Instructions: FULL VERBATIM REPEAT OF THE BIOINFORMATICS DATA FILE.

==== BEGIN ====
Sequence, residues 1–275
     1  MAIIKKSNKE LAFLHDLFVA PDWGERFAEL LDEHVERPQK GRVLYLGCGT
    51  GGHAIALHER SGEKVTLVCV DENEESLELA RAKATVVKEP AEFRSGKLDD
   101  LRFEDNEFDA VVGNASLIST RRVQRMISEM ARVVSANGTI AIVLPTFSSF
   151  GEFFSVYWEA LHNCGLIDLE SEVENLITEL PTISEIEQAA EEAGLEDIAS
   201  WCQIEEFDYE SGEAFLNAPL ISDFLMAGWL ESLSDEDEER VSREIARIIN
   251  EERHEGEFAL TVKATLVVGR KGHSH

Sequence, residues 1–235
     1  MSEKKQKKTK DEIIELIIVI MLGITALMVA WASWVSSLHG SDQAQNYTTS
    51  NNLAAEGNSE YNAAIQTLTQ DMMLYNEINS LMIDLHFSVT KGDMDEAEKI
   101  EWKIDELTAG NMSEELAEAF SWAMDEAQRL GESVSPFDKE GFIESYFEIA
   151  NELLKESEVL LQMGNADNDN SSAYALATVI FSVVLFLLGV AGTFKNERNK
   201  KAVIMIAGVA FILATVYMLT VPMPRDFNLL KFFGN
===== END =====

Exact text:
Sequence, residues 1–275
     1  MAIIKKSNKE LAFLHDLFVA PDWGERFAEL LDEHVERPQK GRVLYLGCGT
    51  GGHAIALHER SGEKVTLVCV DENEESLELA RAKATVVKEP AEFRSGKLDD
   101  LRFEDNEFDA VVGNASLIST RRVQRMISEM ARVVSANGTI AIVLPTFSSF
   151  GEFFSVYWEA LHNCGLIDLE SEVENLITEL PTISEIEQAA EEAGLEDIAS
   201  WCQIEEFDYE SGEAFLNAPL ISDFLMAGWL ESLSDEDEER VSREIARIIN
   251  EERHEGEFAL TVKATLVVGR KGHSH

Sequence, residues 1–235
     1  MSEKKQKKTK DEIIELIIVI MLGITALMVA WASWVSSLHG SDQAQNYTTS
    51  NNLAAEGNSE YNAAIQTLTQ DMMLYNEINS LMIDLHFSVT KGDMDEAEKI
   101  EWKIDELTAG NMSEELAEAF SWAMDEAQRL GESVSPFDKE GFIESYFEIA
   151  NELLKESEVL LQMGNADNDN SSAYALATVI FSVVLFLLGV AGTFKNERNK
   201  KAVIMIAGVA FILATVYMLT VPMPRDFNLL KFFGN